Ankylosing spondylitis

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[edit] Discussion of Ankylosing spondylitis

  • an autoimmune spondyloarthropathy
  • a.k.a. Bechterew's disease/syndrome and Marie Strümpell disease
  • chronic, progressive inflammatory arthritis
  • primarily affects the spine and sacroiliac joints, causing eventual fusion
  • may result in complete spinal rigidity - known as bamboo spine
  • diffuse paraspinal ossification and inflammatory osteitis creates a fused, brittle spine, susceptible to fracture.
  • even minor trauma may produce fracture in these patients!
  • fractures more common in thoracolumbar and cercivothoracic junctions in patients with ankylosing spondylitis.
  • pulmonary sequellae, with progressive fibrosis and apical bullae formation are seen several years after joint involvement
  • Treatment includes inflammatory modulators such as the TNF-alpha receptor fusion protein etanercept and the IL-1 receptor antagonis anakinra

[edit] Imaging Findings for Ankylosing spondylitis

[edit] Radiograph

  • indistinct joints
  • joints widen before narrow
  • subchondral erosions, sclerosis, and proliferation on iliac side of SI joints
  • at endstage, sacroiliac joint may be a thin line or not visible
  • in the spine, early spondylitis is characterized by small erosions at the corners of vertebral bodies with reactive sclerosis
  • squaring of the vertebral body
  • syndesmophyte formation, with bridging of the corners of one vertebra to another
  • ossification of paravertebral connective tissue fibers, including posterior interspinous ligaments as well as linking of spinous processes leads to an appearance of a solid midline vertical dense line on AP projection
  • may see associated pseudoarthroses (discovertebral destruction with adjacent sclerosis) and enthesopathic changes (ill-defined erosions with adjacent sclerosis at sites of ligamentous and tendenous attachments)
  • hip involvement is generally bilateral and symmetric, with uniform joint space narrowing, axial migration of the femoral head, and a collar of osteophytes at the femoral head-neck junction
  • knees demonstrate uniform joint space narrowing with bony proliferation
  • hands are generally involved asymmetrically, with smaller, shallower erosions and marginal periostitis.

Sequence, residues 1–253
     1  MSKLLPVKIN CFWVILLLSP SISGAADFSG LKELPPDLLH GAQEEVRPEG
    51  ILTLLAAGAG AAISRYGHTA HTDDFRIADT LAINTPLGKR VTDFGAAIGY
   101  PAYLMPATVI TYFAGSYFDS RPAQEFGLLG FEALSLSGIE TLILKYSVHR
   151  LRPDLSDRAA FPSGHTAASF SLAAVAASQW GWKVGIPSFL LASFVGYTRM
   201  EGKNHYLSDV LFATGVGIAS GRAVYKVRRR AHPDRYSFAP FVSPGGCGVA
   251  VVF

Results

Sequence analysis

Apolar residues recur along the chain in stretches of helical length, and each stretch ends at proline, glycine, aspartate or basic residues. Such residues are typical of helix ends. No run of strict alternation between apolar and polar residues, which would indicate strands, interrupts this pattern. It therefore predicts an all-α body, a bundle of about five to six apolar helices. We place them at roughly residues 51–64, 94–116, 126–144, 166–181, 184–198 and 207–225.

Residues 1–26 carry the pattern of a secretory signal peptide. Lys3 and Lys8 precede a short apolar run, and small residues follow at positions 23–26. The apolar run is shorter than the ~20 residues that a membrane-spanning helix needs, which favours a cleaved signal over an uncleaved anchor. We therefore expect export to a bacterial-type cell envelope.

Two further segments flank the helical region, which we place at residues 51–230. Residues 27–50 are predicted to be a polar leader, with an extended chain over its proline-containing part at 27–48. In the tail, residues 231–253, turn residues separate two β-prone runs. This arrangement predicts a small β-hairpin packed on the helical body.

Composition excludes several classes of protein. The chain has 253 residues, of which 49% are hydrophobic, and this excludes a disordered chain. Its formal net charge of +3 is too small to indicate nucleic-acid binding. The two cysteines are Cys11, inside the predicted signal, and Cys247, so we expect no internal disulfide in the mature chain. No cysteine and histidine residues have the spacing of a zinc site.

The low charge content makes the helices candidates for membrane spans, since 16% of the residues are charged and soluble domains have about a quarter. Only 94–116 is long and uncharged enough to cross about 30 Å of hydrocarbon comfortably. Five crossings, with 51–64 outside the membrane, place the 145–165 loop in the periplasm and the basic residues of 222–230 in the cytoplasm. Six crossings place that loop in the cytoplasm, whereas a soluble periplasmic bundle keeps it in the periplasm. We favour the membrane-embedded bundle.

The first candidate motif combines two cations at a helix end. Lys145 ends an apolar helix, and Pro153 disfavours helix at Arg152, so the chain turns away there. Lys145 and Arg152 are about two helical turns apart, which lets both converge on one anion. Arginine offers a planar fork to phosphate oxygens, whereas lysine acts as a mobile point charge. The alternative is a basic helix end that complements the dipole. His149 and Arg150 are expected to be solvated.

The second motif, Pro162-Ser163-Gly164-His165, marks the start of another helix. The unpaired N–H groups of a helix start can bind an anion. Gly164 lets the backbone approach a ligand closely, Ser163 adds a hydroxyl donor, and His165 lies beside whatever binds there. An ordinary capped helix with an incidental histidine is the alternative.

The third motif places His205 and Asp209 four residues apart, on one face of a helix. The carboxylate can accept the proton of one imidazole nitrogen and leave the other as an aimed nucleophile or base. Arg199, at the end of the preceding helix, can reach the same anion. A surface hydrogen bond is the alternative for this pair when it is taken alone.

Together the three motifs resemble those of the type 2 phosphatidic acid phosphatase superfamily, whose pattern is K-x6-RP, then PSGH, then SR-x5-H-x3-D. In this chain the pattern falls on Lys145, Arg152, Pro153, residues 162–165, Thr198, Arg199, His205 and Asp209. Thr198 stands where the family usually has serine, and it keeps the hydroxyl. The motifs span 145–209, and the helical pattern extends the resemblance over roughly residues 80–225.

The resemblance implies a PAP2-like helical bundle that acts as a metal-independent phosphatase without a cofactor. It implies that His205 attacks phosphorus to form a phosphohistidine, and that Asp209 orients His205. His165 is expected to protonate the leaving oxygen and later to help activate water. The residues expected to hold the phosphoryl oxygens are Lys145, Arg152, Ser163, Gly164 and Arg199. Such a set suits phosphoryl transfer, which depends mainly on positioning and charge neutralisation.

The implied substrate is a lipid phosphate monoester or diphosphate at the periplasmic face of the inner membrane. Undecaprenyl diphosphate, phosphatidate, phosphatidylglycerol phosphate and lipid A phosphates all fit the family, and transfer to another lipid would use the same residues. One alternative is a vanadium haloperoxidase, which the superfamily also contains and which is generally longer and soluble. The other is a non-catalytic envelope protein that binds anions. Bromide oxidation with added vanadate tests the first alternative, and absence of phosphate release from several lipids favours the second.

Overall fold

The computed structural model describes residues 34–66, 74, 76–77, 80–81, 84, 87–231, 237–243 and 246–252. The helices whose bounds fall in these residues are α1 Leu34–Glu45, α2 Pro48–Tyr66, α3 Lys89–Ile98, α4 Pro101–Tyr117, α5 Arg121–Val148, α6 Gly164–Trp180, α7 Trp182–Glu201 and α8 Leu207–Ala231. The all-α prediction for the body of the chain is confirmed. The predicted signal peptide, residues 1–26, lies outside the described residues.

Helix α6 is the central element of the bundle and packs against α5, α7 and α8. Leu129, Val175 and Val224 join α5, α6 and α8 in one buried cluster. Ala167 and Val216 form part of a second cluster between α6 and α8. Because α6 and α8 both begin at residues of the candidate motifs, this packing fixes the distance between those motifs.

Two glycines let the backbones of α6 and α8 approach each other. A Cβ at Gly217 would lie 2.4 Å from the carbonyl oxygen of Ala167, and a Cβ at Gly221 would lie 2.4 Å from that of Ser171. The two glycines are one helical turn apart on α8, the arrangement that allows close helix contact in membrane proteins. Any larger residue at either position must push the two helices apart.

• radiographs of the lungs may demonstrate progressive fibrosis and bullous changes at the apices. These lesions may resemble TB infection and bullae may become infected.

[edit] CT

  • may be useful in selected patients with normal or equivocal findings on sacroiliac joint radiographs
  • joint erosions, subchondral sclerosis, and bony ankylosis are better visualized on CT
  • some normal variants of the SI joints may mimic features of sacroiliitis
  • CT supplements scintigraphy in evaluated areas of increased uptake
  • multidetector CT is superior to radiographs and MRI in demonstrating injuries
  • MDCT is imaging modality of choice in patients with advanced ankylosing spondylitis for whom there is suspicion of cervical spine fracture

[edit] MRI

  • May have a role in early diagnosis of sacroiliitis
  • Synovial enhancement on MR correlates with disease activity measured by inflammatory mediators
  • Superior to CT in detection of cartilage, bone erosions, and subchondral bone changes
  • Increased T2 signal correlates with edema or vascularized fibrous tissue
  • Useful in following treatment results in patients with active ankylosing spondylitis

[edit] Bone scintigraphy

  • May be helpful in selected patients with normal or equivocal findings on sacroiliac joint radiographs
  • Qualitative assessment of accumulation of radionuclides in the SI joints may be difficult due to normal uptake in this location. Thus quantitative analysis may be more useful.
  • Ratios of SI joint to sacral uptake of 1.3:1 or higher is abnormal
  • recognition of minimally displaced fractures is difficult due to osteopenia and deformity
  • important to specifically search for disk space widening and discontinuity of the ossified paraspinal ligaments
  • with CT, sagittal reformats should be obtained as axial images poorly assess the transverse fracture plane
  • MR and radionuclide scintigraphy may be helpful in difficult cases

[edit] Images

Patient #1: AS with dural ectasia

Patient #2: Bamboo Spine


Patient #3: Symmetrical sacroiliac joint fusion

[edit] See Also


[edit] External Links

[edit] References for Ankylosing spondylitis

  • Baraliakos, X, Landewé, R, Hermann, KG, et al. Inflammation in ankylosing spondylitis: a systematic description of the extent and frequency of acute spinal changes using magnetic resonance imaging. Ann Rheum Dis 2005 May; 64(5): 730-4.
  • Bennett, D.L., Ohashi, K., El-Khoury, G.Y. Spondyloarthropathies: ankylosing spondylitis and psoriatic arthritis. Radiol Clin North Am 2004 Jan; 42(1): 121-34.
  • Cawley, M.I., Chalmers, T.M., Kellgren, J.H., Ball, J. Destructive lesions of vertebral bodies in ankylosing spondylitis. Ann Rheum Dis 1972 Sep; 31(5): 345-58.
  • Dihlmann, W. Current radiodiagnostic concept of ankylosing spondylitis. Skeletal Radiol 1979; 4(4): 179-88.
  • Fam, A.G., Rubenstein, J.D., Chin-Sang, H., Leung, F.Y. Computed tomography in the diagnosis of early ankylosing spondylitis. Arthritis Rheum 1985 Aug; 28(8): 930-7.
  • Graham, B., Van Peteghem, P.K. Fractures of the spine in ankylosing spondylitis. Diagnosis, treatment, and complications. Spine 1989 Aug; 14(8): 803-7.
  • Hanson, J.A., and Mirza, S. Predisposition for spinal fracture in ankylosing spondylitis. AJR 2000; 174:150.
  • Karasick, D., Schweitzer, M.E., Abidi, N.A., Cotler, J.M. Fractures of the vertebrae with spinal cord injuries in patients with ankylosing spondylitis: imaging findings. AJR Am J Roentgenol 1995 Nov; 165(5): 1205-8.
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